It's said the best predictor of future behaviour is past behaviour. Let's hope that's not the case with Mathias Cormann's climate stance when he joins the OECD.
Pressure from business leaders and a simple legislative process leave few excuses for not introducing rules to combat modern slavery in commercial supply chains.
There's a chance he will lead the organisation for a long time.
Mathias Cormann's placement on the OECD would be a win for Australia – but already it could come at a cost
The wrong choice could see it lose relevance.
Prime Minister Scott Morrison announced today that following Mathias Cormann's resignation, Cormann will be nominated as a candidate for secretary general at the OECD.
Today's urgent inequality and environmental crises mean that more, not fewer, students should be studying history.
University of Canberra Professorial Fellow Michelle Grattan and University of Canberra Assistant Professor Caroline Fisher discuss the week in politics.
People living in long-term care facilities have been disproportionately affected by COVID-19 in Canada. A new report analyzing long-term care around the world assesses Canada's pandemic performance.
The OECD estimates have Australia less hit than most, but they are only partial and point to Australia's worst recession on record.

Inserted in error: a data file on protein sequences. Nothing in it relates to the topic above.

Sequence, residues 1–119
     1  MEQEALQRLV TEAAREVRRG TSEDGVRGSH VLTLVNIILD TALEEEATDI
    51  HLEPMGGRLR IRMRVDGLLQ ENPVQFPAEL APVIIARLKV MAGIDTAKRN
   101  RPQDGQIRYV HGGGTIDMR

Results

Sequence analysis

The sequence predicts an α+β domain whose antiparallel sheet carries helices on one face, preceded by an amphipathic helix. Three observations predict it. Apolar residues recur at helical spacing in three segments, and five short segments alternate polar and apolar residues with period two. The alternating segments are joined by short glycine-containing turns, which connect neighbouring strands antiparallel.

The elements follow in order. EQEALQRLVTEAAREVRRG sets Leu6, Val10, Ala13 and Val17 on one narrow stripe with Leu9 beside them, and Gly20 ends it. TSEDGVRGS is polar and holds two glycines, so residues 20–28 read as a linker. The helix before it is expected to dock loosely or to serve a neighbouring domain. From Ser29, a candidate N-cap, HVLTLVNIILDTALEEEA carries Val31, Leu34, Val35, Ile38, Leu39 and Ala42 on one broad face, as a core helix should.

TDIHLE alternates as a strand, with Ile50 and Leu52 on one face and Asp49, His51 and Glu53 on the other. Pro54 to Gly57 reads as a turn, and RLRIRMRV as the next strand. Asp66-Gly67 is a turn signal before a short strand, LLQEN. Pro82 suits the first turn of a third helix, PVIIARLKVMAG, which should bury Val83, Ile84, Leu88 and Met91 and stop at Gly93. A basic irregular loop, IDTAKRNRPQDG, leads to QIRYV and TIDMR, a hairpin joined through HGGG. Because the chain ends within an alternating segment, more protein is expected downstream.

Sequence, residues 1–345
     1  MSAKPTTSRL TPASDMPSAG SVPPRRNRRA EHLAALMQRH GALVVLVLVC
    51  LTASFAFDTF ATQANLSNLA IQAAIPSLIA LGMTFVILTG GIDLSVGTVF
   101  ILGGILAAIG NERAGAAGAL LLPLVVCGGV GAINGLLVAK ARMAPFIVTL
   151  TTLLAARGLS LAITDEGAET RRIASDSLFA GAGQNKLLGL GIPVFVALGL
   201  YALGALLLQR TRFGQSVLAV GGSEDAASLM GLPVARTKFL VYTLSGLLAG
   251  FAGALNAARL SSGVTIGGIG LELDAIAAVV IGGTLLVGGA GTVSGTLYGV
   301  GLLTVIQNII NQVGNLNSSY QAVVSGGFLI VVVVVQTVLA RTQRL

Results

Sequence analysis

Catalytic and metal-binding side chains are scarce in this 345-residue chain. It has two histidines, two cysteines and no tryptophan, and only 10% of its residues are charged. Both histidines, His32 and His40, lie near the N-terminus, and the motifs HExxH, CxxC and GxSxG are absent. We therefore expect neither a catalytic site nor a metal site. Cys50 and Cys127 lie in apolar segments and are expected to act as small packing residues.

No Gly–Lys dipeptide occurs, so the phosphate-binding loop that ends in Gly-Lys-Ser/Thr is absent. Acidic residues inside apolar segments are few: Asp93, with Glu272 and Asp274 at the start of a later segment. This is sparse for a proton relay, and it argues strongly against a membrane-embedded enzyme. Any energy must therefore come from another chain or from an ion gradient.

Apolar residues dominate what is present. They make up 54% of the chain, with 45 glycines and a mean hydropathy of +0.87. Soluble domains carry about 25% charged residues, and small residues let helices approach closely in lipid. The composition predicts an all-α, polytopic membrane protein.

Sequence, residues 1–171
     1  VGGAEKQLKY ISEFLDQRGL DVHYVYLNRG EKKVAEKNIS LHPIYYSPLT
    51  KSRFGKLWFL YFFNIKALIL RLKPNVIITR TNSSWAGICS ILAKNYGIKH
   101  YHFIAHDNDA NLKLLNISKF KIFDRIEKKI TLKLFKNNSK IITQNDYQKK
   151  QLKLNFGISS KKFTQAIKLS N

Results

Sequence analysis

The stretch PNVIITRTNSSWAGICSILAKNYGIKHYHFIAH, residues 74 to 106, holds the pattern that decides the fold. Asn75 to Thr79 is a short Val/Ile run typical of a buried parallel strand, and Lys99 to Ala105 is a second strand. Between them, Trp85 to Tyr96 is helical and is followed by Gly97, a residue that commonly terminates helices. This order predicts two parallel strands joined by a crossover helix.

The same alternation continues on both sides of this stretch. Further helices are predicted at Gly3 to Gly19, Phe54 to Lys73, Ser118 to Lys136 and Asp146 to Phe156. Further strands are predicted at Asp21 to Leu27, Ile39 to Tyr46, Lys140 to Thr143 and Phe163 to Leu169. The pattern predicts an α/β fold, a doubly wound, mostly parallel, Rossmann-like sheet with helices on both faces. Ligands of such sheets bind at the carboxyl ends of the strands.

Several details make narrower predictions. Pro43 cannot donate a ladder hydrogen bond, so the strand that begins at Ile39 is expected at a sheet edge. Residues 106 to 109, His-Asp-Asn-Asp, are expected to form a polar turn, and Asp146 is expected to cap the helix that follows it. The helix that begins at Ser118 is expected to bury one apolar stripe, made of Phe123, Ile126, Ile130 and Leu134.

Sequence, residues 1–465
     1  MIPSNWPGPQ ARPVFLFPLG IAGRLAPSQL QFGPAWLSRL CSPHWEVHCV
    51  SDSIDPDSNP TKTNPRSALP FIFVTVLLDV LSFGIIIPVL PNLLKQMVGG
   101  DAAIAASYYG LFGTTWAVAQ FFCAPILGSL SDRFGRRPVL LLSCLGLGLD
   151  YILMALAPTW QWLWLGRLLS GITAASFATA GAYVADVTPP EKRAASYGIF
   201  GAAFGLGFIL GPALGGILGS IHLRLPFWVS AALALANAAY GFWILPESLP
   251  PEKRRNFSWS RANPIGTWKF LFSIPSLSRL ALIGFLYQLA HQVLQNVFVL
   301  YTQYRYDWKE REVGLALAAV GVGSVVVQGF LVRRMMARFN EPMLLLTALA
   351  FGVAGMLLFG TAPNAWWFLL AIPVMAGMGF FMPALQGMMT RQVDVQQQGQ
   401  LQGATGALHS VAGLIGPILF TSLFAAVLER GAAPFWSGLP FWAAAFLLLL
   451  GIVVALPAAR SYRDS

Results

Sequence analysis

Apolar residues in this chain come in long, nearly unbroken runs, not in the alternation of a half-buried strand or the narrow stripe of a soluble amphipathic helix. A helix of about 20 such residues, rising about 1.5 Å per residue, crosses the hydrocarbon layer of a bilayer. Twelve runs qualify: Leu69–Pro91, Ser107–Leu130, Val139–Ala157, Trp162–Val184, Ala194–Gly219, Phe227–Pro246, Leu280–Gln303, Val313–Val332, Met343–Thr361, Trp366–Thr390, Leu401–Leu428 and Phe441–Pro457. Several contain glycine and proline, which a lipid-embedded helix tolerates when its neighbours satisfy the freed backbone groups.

France agreed to postpone implementing its law to tax US technology giants as negotiators from nearly 140 countries seek agreement on reforms to the international tax system.
There is probably not much appetite in the private sector for running vast swathes of the NHS.
Digital transactions generate massive amounts of revenue and the Kenyan government wants to ensure that online traders pay their fair share of taxes.
Australian education is still going backwards from where we started in 2000 – new PISA results show.
Implementing educational policies that promote long-term achievement and attainment is possible, but requires going beyond news headlines.
For years, we've heard Australia's spending on tertiary education is some of the lowest in the OECD. This is only true if you ignore GDP growth. Real spending was actually going up, until 2016.
Governments around the world lose about US$125 billion in revenues every year because of profit shifting to tax havens.
Australia's university sector is one of the most attractive for international students. So why not try to keep them when they graduate rather than lose the talent we've helped train and educate?
Populism is on the rise in countries where inequality has been fairly stable over time, as well as countries where inequality has grown.
High levels of inequality damage our health, harm social cohesion and act as a brake on economic performance.